“Services” can be tough to sell. Services are intangible.
Products are tangible. Products are easier to sell. So it raises the question:
Can you productize your service?
If so, you may be able to realize the dream of every business owner and professional: make more money while working less.
But we anticipate that you may have a question: What does “productize” mean? We’re so glad you asked!
According to Investopedia, the definition of productize is:
To take a new service, product or product feature – that a company has provided to a single customer or a few customers on a custom basis – and turn it into a standard, fully tested, packaged, supported and marketed product. For example, a person can productize their expertise by putting it into a tangible object by creating a product based on that knowledge.
The Brand That Sells program is an example of this. We’ve turned what was exclusively a coaching service into the product you’re using right now.
When you sell services, your upside is often limited to the amount of labor you can provide or recruit. You’re like a machine shop.
When you productize your services, you’re a branded manufacturer. You can scale your business much easier.
How can you put this principle to work in your brand?
Before we get to the Pricing Page, let’s answer an important question: Should you post your prices on your website?
We believe it really boils down to two things which may be related: complexity and cost. More complexity and/or greater cost generally mean you shouldn’t post your prices.
You probably want to use your website to “sell” free information or free trials. Then you can focus on getting them to pay.
Now let’s talk about the Pricing Pages. Its purpose is to take away the price objection. Depending on the nature of what you sell, it may not mean they’ll buy.
But they’re more likely to take the next step. As we discussed in the last post, the next step may be a sample (e.g. a free trial).
Interestingly enough, you often see this Page referred to as the “Plans and Pricing” Page these days. We want you to emphasize the “s” in “Plans”.
Do you sell one thing one way? If so, think about how you can add options.
For years, product sellers have used good-better-best pricing. Now service providers are catching on. Here’s why this is so important:
Itamar Simonson is one of the world’s leading researchers on decision-making. His studies show that people prefer what he calls “compromise choices.”
A compromise choice is the option which falls between what they feel they need (which sets their minimum) and what they can afford to spend (which establishes their maximum).
Source: Yes! 50 Scientifically Proven Ways to Be Persuasive
[George] I was first introduced to this concept through one of the franchises I owned. I couldn’t believe the results. We quickly started using it in my other businesses with similar outcomes.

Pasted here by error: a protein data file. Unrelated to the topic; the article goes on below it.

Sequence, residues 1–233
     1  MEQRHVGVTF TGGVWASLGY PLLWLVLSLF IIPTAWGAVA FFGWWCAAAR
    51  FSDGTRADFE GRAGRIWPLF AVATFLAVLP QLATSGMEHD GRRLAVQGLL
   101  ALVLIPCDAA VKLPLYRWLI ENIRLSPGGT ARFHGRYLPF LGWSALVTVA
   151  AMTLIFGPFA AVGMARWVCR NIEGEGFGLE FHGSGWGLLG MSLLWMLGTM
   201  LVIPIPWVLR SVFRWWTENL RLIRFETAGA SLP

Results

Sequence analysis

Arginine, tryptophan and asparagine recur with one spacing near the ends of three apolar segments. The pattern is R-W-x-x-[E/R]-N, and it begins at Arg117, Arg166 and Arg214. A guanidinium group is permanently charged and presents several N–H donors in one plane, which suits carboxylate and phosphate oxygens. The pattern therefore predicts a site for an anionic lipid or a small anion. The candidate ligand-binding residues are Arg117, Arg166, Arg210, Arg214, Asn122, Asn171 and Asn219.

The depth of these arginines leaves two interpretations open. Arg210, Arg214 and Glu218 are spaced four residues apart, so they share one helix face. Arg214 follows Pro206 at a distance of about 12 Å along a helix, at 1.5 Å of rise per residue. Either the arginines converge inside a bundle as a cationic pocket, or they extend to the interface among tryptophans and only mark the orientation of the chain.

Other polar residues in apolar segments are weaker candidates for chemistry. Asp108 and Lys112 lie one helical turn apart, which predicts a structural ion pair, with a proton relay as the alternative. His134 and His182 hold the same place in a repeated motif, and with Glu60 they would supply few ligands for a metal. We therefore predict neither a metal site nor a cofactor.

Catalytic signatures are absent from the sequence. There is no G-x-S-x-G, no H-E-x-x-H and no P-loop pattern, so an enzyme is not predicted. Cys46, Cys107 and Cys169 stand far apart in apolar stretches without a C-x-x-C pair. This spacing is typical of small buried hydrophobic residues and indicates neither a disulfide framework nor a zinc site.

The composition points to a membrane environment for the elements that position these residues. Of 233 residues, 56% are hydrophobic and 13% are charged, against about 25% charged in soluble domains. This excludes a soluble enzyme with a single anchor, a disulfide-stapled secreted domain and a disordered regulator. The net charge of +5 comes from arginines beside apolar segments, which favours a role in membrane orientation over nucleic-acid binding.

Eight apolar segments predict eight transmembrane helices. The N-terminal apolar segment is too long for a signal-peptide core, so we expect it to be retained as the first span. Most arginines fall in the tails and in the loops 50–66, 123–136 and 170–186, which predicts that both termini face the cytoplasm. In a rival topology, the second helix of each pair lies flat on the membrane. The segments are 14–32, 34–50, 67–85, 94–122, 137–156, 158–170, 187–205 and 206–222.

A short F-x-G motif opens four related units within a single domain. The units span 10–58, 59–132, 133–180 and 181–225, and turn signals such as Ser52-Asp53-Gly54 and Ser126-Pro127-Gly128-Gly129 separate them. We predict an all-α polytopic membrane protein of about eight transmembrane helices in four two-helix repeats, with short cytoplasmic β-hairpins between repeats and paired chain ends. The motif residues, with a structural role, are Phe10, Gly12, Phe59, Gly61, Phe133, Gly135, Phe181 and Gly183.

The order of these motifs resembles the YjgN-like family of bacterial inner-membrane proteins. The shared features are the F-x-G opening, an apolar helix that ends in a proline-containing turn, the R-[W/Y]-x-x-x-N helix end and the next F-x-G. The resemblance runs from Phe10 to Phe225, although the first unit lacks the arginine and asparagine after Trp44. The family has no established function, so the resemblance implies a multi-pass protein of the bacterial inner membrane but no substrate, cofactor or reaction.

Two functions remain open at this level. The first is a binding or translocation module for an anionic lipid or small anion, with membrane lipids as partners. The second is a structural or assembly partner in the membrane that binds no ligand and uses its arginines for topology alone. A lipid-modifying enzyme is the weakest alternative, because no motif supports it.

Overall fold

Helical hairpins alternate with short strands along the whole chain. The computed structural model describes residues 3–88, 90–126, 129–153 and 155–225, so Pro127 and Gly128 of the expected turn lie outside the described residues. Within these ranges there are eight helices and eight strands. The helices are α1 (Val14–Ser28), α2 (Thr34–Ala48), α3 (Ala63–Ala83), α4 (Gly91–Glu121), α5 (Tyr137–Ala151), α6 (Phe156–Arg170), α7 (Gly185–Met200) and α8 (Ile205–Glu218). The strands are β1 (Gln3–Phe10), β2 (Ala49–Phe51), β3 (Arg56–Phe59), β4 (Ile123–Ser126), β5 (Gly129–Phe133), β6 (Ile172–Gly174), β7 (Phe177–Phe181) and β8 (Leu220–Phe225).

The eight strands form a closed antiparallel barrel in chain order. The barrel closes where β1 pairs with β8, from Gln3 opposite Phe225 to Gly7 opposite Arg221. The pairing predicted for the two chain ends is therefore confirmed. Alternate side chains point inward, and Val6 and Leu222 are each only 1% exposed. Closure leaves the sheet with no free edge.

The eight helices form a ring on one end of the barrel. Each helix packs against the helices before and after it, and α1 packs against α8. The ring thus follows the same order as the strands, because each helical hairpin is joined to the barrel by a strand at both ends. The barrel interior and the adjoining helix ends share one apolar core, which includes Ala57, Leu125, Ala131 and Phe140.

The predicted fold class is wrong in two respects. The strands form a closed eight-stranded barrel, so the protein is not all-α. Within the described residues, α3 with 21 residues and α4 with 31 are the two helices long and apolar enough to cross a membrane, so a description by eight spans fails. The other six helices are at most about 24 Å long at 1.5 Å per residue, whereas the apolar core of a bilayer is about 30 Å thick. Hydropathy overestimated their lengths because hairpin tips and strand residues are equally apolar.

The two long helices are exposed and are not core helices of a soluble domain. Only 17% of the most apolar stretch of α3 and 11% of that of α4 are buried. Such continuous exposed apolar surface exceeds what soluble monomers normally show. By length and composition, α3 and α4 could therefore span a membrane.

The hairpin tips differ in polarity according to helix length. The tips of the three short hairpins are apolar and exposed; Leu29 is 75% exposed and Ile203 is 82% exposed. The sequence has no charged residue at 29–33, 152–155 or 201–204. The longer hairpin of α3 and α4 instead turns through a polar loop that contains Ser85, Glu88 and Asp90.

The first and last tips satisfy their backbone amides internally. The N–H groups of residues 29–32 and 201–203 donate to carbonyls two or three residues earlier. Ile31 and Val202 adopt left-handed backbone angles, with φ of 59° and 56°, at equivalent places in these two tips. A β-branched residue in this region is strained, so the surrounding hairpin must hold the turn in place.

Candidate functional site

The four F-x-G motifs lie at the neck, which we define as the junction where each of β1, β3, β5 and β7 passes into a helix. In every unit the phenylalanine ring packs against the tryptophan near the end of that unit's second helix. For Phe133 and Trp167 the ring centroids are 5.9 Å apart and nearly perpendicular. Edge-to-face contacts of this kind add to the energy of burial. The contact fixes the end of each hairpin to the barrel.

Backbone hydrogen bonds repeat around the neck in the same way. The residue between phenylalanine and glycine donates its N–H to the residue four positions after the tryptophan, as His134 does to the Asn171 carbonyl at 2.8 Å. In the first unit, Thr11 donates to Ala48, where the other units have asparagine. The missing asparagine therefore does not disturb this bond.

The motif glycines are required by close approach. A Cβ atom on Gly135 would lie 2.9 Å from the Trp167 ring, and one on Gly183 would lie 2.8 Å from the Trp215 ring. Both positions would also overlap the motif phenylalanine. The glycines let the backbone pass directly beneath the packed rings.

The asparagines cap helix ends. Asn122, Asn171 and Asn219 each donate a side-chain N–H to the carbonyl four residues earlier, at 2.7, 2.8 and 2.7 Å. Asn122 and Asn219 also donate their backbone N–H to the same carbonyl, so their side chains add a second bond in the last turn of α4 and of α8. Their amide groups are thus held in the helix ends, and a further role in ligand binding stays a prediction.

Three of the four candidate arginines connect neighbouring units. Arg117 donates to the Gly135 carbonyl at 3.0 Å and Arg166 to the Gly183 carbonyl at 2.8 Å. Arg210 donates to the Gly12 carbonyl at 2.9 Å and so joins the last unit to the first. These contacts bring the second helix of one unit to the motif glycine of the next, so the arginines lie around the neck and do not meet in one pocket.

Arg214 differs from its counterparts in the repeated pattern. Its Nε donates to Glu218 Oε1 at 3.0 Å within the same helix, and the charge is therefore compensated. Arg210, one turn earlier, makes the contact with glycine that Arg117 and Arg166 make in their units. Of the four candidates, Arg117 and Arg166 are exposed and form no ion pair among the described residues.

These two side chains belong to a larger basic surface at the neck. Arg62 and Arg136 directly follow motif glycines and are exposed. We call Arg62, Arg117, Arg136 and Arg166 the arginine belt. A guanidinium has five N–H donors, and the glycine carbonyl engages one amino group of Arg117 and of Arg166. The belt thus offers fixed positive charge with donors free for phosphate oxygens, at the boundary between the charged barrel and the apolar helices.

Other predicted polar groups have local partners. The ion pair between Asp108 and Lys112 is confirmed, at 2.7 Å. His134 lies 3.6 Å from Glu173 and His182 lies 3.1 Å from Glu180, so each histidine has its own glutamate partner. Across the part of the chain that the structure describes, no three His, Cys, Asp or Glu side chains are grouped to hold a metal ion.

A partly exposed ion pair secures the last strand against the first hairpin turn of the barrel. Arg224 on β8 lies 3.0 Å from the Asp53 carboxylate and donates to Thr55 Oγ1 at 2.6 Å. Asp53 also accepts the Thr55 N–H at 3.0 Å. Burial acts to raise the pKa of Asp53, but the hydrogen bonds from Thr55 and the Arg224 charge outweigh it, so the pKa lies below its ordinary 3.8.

If you only offer your potential customers one product or service, they have a choice: No or Yes. Most will probably say “No”.
If you offer two options (A = good, B = better), they can say: No, A, or B. Most will choose A, the least expensive option. So you will likely get more customers. But you can do even better.
If you offer three options (A = good, B = better, C = best), most people will choose the middle option. It’s the compromise choice.
Studies have shown (and we’ve witnessed it ourselves) that the numbers break down something like this:
10% – 15% of people will pick A. They’re price shoppers.
75% – 85 will pick B.
5% – 10% will pick C. They only buy the best.
From this you can see that Option B should be your most profitable offering. Keep the price relatively close to Option A, but include one or more high-perceived value, high margin add-ons.
You can have a fairly significant price spread for Option C, since these customers will buy the best no matter what. So pile on the benefits!
If you offer a service, consider giving customers a choice of service levels. See what it does for your business.
Here’s the Plans and Pricing Page from Pipedrive. They sell customer relationship management software.
Note that they have one service, but offer three levels of pricing. They put them in a table so it’s really easy to understand the differences.
They also highlight the one they want you to buy. This is a fairly recent trend, but it makes sense and cents!
But also note what they’re really pushing here: sign up for a free trial. Why go to all this trouble to sell a free offer?
Simple – it helps people feel like they can take the next step. One step at a time leads to BIGG success!
In the Information Age, people want information! No surprise there – but here’s something a lot of businesses miss:
The buyer’s journey may involve information beyond your business.
Here’s a personal example: A friend told us about a lovely little place with cabins right on Lake Michigan. It sounded like a great getaway.